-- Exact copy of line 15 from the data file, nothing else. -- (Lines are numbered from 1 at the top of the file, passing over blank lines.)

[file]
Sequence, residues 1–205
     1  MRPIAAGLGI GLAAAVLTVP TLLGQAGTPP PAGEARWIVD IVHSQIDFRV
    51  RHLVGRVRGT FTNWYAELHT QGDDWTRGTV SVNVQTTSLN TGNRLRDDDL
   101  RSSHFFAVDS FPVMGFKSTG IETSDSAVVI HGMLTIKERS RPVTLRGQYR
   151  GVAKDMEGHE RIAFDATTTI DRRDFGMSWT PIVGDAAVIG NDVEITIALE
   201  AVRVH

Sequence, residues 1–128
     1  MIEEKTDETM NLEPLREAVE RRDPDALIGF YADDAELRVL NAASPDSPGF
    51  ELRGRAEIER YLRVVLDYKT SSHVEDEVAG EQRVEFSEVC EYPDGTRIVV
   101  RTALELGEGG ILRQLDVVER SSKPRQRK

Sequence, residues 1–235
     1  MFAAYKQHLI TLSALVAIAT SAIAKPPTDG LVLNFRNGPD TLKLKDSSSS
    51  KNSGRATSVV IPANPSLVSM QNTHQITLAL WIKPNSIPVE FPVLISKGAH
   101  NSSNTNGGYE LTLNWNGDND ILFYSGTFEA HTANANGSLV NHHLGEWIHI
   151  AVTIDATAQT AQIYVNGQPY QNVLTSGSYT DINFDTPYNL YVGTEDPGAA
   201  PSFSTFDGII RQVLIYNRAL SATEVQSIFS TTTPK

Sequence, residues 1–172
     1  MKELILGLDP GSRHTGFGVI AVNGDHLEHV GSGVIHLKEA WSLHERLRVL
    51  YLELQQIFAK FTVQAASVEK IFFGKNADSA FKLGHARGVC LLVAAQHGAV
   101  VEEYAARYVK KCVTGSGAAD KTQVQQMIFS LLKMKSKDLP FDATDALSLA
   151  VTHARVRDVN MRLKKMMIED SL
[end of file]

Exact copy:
   151  AVTIDATAQT AQIYVNGQPY QNVLTSGSYT DINFDTPYNL YVGTEDPGAA